Sodium chloride (rock salt)
Most people think that ice melt is usually made of salt, because we tend to broadly call it all “salt”. The fact is that most ice melt on the market is not salt, but if you get a sodium chloride-based product, it is real salt.
- Effective in temps above +15℉
- Least expensive
- Tough on paved surfaces
- Changes chemical composition of soil
- Can kill grass and plants
Calcium-based ice melts might be your best bet in cases where the outside temp is going to get quite cold. We also like calcium on wood (steps, porches) as it tends to be easier on those surfaces. This is a common ice melt.
- Effective in temps above -25℉ — probably the best product for ultra-cold days
- Quite expensive (can be mixed with rock salt)
- Works really well in all conditions
- Tends to be easier on wood (steps) and concrete and sodium-based products
- Can leave behind a slippery residue, but still much better than having ice
- Even so, we’d recommend a big bucket of Calcium Chloride Snow & Ice melt pellets, which you can get from Amazon.
If you are extremely concerned about plants and grass being affected by ice melt, a potassium-based product might be a good fit.
- Effective in temps above +12℉
- Better for plants than most
- Not as common; harder to find
Magnesium-based ice melts are perhaps the most common on the market today. Considered relatively safe for pets and grass, it is also usually pretty affordable.
- Effective in temps above -13℉
- Not as corrosive to metal as most
- Generally easy on lawns and plants, unless used in excess.
- Quite common and economical.
- Find here on Amazon.
Calcium magnesium acetate
If being eco-friendly is your thing, this is probably the one to go with. Still, you want to use any ice melt as sparingly as possible.
- Effective in temps above +20℉, and probably colder
- Made from dolomitic limestone and acetic acid (vinegar)
- Among the least corrosive and least damaging to vegetation
- Find it here on Amazon.
- Effective in temps above +15℉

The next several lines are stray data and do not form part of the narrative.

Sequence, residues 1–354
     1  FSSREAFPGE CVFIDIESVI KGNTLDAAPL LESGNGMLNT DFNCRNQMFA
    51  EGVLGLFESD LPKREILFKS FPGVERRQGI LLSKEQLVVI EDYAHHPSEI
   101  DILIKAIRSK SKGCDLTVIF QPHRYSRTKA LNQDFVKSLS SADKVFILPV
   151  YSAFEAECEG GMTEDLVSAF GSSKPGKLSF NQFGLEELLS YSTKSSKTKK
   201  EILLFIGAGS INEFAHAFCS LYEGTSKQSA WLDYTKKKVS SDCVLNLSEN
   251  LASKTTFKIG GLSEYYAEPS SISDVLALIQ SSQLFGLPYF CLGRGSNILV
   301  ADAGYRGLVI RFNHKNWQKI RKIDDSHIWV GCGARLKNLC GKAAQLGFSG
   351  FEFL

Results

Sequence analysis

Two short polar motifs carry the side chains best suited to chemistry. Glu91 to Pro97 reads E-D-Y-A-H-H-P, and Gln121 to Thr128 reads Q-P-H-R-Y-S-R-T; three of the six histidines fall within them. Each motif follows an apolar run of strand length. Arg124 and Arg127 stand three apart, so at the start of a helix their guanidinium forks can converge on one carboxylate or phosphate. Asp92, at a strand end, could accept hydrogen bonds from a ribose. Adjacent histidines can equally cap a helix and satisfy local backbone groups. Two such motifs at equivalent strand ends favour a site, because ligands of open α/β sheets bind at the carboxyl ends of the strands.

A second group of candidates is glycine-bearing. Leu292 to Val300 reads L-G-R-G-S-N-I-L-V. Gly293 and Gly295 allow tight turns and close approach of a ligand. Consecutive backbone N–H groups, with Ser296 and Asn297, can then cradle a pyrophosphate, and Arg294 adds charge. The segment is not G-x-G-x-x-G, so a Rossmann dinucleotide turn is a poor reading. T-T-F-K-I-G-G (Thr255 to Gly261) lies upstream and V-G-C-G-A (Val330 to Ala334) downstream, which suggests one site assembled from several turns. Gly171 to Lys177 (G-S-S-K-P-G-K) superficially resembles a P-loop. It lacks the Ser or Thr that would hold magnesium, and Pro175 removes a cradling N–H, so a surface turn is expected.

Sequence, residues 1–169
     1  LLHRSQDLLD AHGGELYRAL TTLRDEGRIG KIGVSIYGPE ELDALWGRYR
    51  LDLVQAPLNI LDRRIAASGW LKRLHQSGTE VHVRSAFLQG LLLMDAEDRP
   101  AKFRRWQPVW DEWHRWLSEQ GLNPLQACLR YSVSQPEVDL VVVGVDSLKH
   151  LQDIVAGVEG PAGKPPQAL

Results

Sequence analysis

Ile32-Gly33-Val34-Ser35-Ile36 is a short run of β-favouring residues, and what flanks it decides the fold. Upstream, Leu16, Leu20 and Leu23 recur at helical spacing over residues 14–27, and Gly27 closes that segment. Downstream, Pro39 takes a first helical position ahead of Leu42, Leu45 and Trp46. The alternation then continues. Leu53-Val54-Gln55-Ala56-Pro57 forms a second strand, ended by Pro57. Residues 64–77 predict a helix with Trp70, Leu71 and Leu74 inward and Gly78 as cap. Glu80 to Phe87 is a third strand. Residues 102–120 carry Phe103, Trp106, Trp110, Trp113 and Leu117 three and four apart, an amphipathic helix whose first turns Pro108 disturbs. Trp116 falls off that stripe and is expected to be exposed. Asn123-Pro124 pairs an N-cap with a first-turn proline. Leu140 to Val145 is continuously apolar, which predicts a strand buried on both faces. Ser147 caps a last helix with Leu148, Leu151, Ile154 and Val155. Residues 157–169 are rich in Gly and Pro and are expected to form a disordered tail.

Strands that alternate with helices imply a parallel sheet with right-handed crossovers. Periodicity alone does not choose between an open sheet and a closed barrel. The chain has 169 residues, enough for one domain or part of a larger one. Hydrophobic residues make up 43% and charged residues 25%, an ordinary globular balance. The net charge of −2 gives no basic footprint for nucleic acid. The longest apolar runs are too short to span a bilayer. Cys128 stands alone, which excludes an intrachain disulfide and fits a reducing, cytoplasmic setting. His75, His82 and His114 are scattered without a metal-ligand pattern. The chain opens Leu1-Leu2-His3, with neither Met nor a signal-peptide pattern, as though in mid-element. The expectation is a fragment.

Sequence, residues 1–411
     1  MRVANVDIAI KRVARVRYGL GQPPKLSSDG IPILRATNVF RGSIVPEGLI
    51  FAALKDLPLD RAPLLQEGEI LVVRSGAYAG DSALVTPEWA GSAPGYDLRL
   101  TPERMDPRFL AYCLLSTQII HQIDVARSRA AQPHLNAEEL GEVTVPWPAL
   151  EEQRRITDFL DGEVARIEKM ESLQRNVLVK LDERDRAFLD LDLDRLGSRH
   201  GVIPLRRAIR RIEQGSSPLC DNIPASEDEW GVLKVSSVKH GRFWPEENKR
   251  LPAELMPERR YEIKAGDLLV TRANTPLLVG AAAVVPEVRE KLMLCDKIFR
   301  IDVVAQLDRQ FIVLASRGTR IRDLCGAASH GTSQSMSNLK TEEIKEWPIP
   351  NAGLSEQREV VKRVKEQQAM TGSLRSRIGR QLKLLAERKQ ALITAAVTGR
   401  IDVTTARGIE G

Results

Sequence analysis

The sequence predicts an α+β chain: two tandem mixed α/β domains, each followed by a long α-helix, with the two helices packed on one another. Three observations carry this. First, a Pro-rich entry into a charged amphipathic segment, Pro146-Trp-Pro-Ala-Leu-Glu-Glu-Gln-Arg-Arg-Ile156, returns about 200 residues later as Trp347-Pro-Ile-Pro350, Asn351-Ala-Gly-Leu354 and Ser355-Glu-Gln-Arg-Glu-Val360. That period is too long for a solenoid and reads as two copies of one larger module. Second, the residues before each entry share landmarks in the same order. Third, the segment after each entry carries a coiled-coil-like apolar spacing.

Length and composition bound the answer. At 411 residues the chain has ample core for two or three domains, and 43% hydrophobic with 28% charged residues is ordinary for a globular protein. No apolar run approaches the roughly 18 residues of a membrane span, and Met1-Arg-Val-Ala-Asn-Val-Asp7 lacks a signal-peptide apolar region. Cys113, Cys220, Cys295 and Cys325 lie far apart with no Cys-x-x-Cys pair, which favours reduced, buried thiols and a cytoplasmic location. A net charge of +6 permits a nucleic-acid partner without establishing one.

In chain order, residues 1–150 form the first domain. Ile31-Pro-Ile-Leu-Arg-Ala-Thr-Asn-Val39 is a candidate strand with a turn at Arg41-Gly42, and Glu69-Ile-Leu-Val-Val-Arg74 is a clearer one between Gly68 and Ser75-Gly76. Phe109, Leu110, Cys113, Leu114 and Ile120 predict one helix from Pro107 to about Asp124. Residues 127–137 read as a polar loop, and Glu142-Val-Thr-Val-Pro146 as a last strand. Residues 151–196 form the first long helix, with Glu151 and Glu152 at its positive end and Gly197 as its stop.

- Less corrosive than most
- Safer for plants than most
- Not as dangerous to pets than most
- Effective in temps above -2℉
- Non corrosive
- Active ingredient found in many pet safe ice melters like Safepaws at Amazon
Natural Ice Melters
Heated sidewalks and driveways.
If you’re putting new sidewalks and driveways in, you can have heating systems installed below them to melt snow and ice. For old sidewalks, electric heat mats, like HeatTrak Mats, can be put down, plugged in, and will keep your walks clear of ice and snow all winter.
Be wary of these solutions, though. If it is cold outside, the melted snow and ice will simply turn in to ice at soon as it hits a colder surface. You might simply be trading ice in one spot for ice in another spot.
That’s right… water. Pour warm water on small icy patches or blast water through a hose connected to an indoor faucet at big thick patches of ice. For minimal refreeze, do this on warmer days when the sun is out and push any excess water off with a squeegee.
Vinegar and water
Don’t wanna hook up the hose? In a watering can, mix plain white vinegar at a ratio of 1:1 with warm tap water and spread it over compacted snow and ice. After it sits for a few minutes and starts getting slushy, grab an ice chisel, start chipping and scraping, and repeat if necessary.
Homemade ice melter.
Combine 1qt of lukewarm water with three drops of dish detergent and 1-3 oz of rubbing alcohol in a gallon jug, mix gently, pour on ice.
Combat Ice with Traction
Sometimes you don’t need or want to salt sidewalks and driveways. However, you don’t want to slip on the ice, either. The fact is that walking on ice is a bit of an art, but it also can benefit from certain products. There are a number of things that, while not effective at melting ice, are good at keeping you from falling and breaking your tail bone.
- Footwear with spikes: Icers, Yaktrax (found here on Amazon), etc. Never a bad plan. These products are gamechangers on icy conditions.
- Kitty litter: Spread it like you would salt. Make sure you get the non-clumping type.
- Bird seed: Black oil sunflower absorbs sunlight/heat and embeds itself in the ice which keeps it around longer. Cracked corn just provides good traction. Both provide birdies with a treat.
- Others: Pea gravel, sand, sawdust, wood ash, wood shavings are all somewhat effective on their own and can all be mixed with salt for better results.
- Traction grit: Available at most hardware stores, traction grit can be put in a shallow pan and heated in the oven at 250℉ for fifteen minutes and promptly thrown down on the ice. It then melts down and embeds itself in the ice and provides you with great, environmentally friendly, traction.